Before the bell this morning Time Inc. reported its Q1 earnings. Net operating income rose 7 percent to $1.4 billion on revenue that did not quite match the same quarter a year ago as the company lowered costs.
Publishing revenue fell 4.66 percent to $737 million from $773 million the year before as the division reported a net loss on the quarter of $9 million versus a net income of $39 million last year. Much of the loss was caused by costs driven by previously announced division layoffs.
Chairman and Chief Executive Officer Jeff Bewkes put a positive spin on the report highlighting the company's strong television performance before speaking of its publishing plans. "This quarter we also announced our plans to spin off Time Inc. into an independent publicly-traded company, which we expect to complete by the end of the year. As we said when we announced the spin-off in March, we believe this is the best structure for both Time Inc. and Time Warner, and expect this step will create additional value for our stockholders. Underscoring our commitment to stockholder returns, so far this year we've repurchased almost $870 million of our stock and paid out over $270 million in dividends."
The Alliance for Audited Media (AAM) released its latest report on newspaper circulations and the report showed that circulation performance is now largely driven by a publisher's digital circulation growth. While the Wall Street Journal, The New York Times and Chicago Sun-Times reported double digit circulation growth thanks to new digital subscribers, other papers continue to struggle to over come losses of print subscribers.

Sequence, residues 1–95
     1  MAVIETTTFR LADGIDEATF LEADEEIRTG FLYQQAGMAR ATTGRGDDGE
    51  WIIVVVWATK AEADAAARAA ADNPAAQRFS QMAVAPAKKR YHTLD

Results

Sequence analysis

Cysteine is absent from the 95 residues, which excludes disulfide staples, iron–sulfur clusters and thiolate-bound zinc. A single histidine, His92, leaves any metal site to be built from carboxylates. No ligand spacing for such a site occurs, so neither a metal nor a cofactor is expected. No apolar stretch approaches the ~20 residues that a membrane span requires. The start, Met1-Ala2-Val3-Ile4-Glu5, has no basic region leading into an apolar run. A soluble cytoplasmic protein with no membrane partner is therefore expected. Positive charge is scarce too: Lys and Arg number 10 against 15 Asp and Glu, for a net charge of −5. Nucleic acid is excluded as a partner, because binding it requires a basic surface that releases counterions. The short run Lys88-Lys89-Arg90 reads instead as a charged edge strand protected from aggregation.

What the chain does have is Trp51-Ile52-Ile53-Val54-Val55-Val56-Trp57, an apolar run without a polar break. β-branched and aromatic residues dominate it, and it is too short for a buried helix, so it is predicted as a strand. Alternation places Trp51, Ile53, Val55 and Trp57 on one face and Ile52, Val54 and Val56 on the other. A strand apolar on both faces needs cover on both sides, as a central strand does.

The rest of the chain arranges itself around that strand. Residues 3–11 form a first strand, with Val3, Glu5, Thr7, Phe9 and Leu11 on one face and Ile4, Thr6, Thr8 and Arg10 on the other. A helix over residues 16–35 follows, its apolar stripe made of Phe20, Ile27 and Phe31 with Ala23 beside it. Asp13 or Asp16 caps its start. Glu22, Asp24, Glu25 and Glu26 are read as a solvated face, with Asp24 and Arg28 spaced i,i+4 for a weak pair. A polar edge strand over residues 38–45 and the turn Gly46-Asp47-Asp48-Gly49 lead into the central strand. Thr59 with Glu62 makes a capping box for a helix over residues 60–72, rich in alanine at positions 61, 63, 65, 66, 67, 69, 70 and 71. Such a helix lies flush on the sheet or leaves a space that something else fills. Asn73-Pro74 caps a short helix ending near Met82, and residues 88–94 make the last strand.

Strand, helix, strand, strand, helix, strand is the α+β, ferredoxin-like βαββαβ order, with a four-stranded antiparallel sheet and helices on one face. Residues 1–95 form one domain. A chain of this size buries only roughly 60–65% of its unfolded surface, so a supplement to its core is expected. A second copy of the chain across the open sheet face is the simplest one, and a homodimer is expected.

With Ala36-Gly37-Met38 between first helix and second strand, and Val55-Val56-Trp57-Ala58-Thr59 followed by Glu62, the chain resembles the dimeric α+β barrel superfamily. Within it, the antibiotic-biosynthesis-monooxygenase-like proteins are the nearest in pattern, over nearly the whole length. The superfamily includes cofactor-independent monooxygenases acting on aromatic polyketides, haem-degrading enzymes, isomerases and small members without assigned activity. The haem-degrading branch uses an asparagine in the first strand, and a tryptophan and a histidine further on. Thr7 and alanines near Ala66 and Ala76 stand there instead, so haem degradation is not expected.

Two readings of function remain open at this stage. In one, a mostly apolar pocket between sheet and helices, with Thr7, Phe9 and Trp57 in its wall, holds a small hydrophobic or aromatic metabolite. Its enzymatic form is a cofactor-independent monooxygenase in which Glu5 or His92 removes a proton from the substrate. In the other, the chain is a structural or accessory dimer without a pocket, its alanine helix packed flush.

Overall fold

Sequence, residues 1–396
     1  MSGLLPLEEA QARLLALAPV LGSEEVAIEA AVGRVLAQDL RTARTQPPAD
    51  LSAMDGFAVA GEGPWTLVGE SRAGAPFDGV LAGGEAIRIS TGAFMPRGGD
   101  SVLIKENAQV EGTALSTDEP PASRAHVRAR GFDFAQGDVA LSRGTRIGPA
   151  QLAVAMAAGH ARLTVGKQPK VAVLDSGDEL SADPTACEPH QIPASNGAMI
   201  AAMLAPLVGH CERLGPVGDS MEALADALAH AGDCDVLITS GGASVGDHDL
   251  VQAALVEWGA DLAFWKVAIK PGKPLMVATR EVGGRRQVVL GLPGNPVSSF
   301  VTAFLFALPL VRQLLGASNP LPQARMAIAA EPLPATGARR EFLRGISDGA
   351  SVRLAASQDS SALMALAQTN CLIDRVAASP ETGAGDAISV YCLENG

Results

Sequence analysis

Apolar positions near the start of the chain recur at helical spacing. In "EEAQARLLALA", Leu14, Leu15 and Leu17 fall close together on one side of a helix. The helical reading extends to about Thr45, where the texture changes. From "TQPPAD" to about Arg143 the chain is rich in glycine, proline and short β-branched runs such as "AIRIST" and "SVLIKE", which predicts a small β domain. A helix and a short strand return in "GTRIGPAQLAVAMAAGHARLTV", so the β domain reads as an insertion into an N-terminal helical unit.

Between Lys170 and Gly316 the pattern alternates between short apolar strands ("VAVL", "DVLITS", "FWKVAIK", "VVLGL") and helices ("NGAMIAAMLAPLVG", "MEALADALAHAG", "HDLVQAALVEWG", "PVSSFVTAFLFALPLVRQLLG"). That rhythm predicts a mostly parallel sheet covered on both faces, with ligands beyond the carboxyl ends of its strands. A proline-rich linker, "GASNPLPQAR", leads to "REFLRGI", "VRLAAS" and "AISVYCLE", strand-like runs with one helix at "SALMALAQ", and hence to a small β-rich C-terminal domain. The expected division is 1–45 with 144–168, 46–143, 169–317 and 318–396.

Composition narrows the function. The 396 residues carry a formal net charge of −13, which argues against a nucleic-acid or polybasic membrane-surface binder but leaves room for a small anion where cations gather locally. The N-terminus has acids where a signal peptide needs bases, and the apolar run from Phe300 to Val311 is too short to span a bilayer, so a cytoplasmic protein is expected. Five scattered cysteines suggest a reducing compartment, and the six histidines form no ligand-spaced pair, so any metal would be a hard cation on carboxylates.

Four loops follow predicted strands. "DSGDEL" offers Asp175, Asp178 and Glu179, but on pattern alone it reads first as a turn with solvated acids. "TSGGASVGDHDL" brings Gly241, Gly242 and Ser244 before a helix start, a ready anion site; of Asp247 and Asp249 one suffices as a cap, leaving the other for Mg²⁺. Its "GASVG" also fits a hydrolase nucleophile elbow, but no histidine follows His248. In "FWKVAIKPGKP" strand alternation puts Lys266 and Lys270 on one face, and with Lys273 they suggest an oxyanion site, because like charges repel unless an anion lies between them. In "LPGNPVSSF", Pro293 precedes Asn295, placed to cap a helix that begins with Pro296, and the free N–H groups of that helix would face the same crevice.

Gannett's USA Today saw its circulation fall 7.9 percent fall and fall from number two to number three largest paper in the U.S. as it could not keep up with gains by the NYT in digital subscribers. Both the New York Daily News and New York Post recorded large losses in readers, as well, falling 11 percent and 9.9 percent respectively.
The Washington Post also saw circulation losses, as the papers circulation fell 6.5 percent. The Post has the fewest digital subscribers of any of the top 10 papers with only 42,313 total digital circulation as reported by the AAM.
The AAM report reports total circulation comparisons but masks the details, comparing print readership directly betweetn reports. But pulling up last year's report one can see where the losses are coming from.
One year ago USA Today reported 1.7 million print readers, while this year's report shows 1.42 million; the WSJ reported a loss of print circulation from 1.566 million to 1.480 million.
Print circulation at the New York Post fell from 408,579 last year in March to 299,950 this year – by far the biggest percentage loss of the top 10 newspapers (nearly 27 percent).